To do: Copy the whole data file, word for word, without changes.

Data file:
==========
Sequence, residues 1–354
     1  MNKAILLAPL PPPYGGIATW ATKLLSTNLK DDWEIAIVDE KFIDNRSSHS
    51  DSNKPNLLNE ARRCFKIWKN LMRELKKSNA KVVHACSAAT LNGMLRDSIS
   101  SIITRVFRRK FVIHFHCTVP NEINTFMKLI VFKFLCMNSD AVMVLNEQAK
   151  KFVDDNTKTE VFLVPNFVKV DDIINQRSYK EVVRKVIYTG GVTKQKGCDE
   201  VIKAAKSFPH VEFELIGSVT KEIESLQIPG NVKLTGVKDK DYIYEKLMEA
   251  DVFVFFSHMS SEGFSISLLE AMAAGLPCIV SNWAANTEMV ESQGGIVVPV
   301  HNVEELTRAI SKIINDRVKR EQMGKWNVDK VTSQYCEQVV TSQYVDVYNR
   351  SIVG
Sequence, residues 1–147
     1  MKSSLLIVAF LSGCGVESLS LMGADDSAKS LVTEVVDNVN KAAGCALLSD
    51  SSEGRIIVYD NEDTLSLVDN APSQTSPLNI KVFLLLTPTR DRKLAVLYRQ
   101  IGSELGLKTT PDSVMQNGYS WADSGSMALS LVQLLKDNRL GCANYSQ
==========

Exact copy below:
Sequence, residues 1–354
     1  MNKAILLAPL PPPYGGIATW ATKLLSTNLK DDWEIAIVDE KFIDNRSSHS
    51  DSNKPNLLNE ARRCFKIWKN LMRELKKSNA KVVHACSAAT LNGMLRDSIS
   101  SIITRVFRRK FVIHFHCTVP NEINTFMKLI VFKFLCMNSD AVMVLNEQAK
   151  KFVDDNTKTE VFLVPNFVKV DDIINQRSYK EVVRKVIYTG GVTKQKGCDE
   201  VIKAAKSFPH VEFELIGSVT KEIESLQIPG NVKLTGVKDK DYIYEKLMEA
   251  DVFVFFSHMS SEGFSISLLE AMAAGLPCIV SNWAANTEMV ESQGGIVVPV
   301  HNVEELTRAI SKIINDRVKR EQMGKWNVDK VTSQYCEQVV TSQYVDVYNR
   351  SIVG
Sequence, residues 1–147
     1  MKSSLLIVAF LSGCGVESLS LMGADDSAKS LVTEVVDNVN KAAGCALLSD
    51  SSEGRIIVYD NEDTLSLVDN APSQTSPLNI KVFLLLTPTR DRKLAVLYRQ
   101  IGSELGLKTT PDSVMQNGYS WADSGSMALS LVQLLKDNRL GCANYSQ